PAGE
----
Source: Australian Housing Survey: Housing Characteristics, Costs and Conditions (ABS cat. no. 4182.0).


Age of dwellings
In 1999, 18% of Australia's housing stock was less than 10 years old, and over half (55%) was less than 30 years old. Around 12% of all occupied dwellings were aged 60 years and over. In general, the effects of wear and tear and weathering over time mean that the physical condition of dwellings tends to deteriorate, and the need for repairs to increase, as dwellings age. While older dwellings were more likely than newer dwellings to have had repairs or maintenance carried out in the previous year, and to have had more spent for this purpose, the most common types of repairs or maintenance (i.e. painting, plumbing and electrical work) were the same for all dwellings regardless of age.

In 1999, fewer than 10% of dwellings aged less than 10 years had major structural problems, compared with almost 30% of dwellings aged 30 years and over. More than a third (35%) of dwellings aged 60 years and over had major structural problems. All types of major structural problems increased with the age of the dwelling and, for the most part, older dwellings had the same types of problems as newer dwellings. For example, major cracks in walls or floors was the most common type of problem in all dwellings regardless of age, and major electrical problems was the least common type of problem in all dwellings except those less than 5 years old.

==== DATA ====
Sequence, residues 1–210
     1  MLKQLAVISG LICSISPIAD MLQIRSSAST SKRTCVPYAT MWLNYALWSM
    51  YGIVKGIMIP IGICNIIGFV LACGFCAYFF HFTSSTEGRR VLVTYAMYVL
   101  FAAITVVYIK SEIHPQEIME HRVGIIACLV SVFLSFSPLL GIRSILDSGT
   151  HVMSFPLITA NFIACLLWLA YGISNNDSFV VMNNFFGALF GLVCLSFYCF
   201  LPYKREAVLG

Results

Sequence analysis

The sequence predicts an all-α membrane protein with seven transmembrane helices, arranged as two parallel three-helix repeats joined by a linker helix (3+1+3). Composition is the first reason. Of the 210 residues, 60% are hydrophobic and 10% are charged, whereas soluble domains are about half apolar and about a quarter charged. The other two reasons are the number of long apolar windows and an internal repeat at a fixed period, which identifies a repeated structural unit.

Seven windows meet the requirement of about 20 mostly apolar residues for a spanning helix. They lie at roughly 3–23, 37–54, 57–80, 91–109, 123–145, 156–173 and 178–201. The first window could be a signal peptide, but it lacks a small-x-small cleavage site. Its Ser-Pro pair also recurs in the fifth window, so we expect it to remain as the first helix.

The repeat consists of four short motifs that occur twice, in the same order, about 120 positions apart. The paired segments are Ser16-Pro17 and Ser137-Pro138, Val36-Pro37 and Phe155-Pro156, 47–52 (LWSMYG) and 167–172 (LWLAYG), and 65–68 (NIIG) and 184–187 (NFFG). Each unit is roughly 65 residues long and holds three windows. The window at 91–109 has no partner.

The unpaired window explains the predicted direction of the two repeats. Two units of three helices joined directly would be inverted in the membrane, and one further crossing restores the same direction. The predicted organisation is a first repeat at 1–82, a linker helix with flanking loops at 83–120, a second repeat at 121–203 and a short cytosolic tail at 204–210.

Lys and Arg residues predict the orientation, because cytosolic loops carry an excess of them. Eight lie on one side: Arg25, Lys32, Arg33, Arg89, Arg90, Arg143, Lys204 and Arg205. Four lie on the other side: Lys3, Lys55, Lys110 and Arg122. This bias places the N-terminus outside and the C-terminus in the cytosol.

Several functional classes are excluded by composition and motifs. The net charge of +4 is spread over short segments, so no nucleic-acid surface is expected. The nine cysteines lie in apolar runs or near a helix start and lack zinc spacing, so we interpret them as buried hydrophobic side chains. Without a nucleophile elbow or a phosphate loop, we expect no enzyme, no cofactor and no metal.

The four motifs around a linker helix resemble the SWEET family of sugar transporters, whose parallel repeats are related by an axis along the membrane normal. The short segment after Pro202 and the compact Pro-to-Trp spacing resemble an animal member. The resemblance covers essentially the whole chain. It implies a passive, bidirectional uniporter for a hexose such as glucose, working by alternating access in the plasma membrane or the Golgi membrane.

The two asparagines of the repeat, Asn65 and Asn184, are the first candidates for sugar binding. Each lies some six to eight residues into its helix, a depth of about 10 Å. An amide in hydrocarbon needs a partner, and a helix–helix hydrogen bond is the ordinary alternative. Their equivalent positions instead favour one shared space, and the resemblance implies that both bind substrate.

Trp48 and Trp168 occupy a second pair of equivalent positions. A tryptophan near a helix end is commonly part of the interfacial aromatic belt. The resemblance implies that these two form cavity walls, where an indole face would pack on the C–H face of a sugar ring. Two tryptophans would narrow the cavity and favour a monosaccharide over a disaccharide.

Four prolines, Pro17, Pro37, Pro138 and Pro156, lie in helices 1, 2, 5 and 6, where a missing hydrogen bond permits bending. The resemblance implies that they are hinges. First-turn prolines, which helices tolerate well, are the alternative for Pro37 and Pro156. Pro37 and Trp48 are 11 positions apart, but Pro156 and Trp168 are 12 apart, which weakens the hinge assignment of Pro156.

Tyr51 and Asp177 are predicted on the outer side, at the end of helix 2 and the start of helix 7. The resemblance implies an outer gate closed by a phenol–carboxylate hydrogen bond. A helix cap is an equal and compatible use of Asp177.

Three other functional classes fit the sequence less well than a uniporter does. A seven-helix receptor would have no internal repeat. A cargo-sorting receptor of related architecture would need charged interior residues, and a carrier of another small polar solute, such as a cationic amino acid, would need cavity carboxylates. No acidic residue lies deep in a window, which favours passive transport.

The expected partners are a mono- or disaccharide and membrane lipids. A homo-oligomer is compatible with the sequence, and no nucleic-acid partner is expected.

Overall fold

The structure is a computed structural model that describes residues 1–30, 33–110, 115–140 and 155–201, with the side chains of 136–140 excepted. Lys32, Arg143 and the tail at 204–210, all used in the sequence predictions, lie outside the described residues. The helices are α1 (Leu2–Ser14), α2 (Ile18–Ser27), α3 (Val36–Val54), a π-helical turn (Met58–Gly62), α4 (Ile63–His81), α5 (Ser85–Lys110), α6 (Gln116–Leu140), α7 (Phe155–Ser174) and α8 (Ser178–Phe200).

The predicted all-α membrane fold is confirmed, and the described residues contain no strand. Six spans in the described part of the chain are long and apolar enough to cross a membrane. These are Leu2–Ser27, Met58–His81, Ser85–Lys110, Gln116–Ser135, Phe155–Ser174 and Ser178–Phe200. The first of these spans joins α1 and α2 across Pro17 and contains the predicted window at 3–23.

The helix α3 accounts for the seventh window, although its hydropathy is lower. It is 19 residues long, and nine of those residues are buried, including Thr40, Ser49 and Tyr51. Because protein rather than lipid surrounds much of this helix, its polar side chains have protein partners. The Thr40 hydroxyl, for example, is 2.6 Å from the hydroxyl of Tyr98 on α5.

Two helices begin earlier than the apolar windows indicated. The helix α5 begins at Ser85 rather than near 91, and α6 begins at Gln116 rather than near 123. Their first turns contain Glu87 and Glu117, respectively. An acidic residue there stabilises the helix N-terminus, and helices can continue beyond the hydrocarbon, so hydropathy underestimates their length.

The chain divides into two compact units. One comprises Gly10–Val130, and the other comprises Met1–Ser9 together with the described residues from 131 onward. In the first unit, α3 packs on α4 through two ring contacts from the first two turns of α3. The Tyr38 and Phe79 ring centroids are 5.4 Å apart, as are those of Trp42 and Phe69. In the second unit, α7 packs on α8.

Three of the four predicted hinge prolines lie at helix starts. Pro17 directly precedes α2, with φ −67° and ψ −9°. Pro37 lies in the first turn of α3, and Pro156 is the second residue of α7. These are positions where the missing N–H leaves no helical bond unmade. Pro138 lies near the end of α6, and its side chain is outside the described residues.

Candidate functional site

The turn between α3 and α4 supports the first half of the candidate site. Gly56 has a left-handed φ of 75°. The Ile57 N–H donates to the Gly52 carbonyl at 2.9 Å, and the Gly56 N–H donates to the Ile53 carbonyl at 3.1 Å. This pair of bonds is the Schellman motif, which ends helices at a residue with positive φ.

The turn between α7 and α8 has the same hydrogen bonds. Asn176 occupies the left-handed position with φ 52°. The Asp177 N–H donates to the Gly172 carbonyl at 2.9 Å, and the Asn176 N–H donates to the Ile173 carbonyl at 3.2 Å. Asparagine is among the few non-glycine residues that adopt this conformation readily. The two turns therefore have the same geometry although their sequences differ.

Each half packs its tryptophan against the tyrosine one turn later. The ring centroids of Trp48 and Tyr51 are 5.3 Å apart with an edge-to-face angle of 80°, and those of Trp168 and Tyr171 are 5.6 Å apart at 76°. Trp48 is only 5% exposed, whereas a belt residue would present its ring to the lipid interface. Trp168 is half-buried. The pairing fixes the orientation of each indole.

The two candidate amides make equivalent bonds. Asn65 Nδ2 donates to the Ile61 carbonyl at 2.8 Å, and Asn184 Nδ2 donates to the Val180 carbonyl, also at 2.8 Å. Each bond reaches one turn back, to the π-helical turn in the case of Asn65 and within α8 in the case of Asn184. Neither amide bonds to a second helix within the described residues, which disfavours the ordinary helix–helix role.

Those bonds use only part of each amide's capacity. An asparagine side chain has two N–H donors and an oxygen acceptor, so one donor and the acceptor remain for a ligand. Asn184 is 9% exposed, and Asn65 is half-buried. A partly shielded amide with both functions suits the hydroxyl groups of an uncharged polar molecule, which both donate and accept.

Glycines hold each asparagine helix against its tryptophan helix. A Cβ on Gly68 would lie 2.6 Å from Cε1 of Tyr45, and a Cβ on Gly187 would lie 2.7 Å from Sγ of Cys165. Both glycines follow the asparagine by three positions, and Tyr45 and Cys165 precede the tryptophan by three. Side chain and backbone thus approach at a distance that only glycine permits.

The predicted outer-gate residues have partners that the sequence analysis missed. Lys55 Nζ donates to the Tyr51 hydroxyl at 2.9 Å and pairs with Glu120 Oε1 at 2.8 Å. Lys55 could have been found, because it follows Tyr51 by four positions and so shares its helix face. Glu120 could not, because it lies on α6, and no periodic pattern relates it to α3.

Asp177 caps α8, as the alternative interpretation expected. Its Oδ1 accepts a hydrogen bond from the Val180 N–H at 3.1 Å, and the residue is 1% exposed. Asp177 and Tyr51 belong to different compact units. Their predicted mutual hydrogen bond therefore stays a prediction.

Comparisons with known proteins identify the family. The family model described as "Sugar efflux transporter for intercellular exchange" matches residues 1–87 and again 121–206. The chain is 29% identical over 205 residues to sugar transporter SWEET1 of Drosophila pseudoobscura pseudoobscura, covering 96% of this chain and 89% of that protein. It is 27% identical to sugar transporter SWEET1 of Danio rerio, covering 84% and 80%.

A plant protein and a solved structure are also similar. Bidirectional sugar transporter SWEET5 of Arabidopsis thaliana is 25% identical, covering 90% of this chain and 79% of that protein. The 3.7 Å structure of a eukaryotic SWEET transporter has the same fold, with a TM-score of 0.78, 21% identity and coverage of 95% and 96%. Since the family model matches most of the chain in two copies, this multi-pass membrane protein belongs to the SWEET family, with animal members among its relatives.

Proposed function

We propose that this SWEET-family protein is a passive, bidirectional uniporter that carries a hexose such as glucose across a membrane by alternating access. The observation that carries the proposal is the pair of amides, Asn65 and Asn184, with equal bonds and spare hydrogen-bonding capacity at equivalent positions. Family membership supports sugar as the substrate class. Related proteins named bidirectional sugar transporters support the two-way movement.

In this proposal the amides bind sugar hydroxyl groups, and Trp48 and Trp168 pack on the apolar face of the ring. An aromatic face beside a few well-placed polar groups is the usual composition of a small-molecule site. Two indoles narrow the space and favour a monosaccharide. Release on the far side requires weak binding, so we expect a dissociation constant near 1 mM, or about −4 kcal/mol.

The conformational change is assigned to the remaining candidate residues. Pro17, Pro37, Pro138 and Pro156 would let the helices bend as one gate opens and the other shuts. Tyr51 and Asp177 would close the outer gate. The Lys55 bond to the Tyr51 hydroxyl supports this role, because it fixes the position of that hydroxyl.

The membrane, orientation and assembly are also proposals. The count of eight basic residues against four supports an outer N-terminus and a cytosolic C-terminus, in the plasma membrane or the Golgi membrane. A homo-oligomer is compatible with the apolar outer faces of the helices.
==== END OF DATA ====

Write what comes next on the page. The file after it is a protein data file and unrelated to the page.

In 1999, the proportion of dwellings in need of external repairs ranged from 11% of dwellings under 5 years old to 63% of dwellings aged 60 years and over. The proportions of dwellings in need of internal repairs were similar and ranged from 16% of dwellings under 5 years old to 59% of dwellings aged 60 years and over. The proportion of dwellings that had received repairs or maintenance work in the previous year ranged from 30% of dwellings less than 5 years old to around 60% of dwellings aged 20 years and over.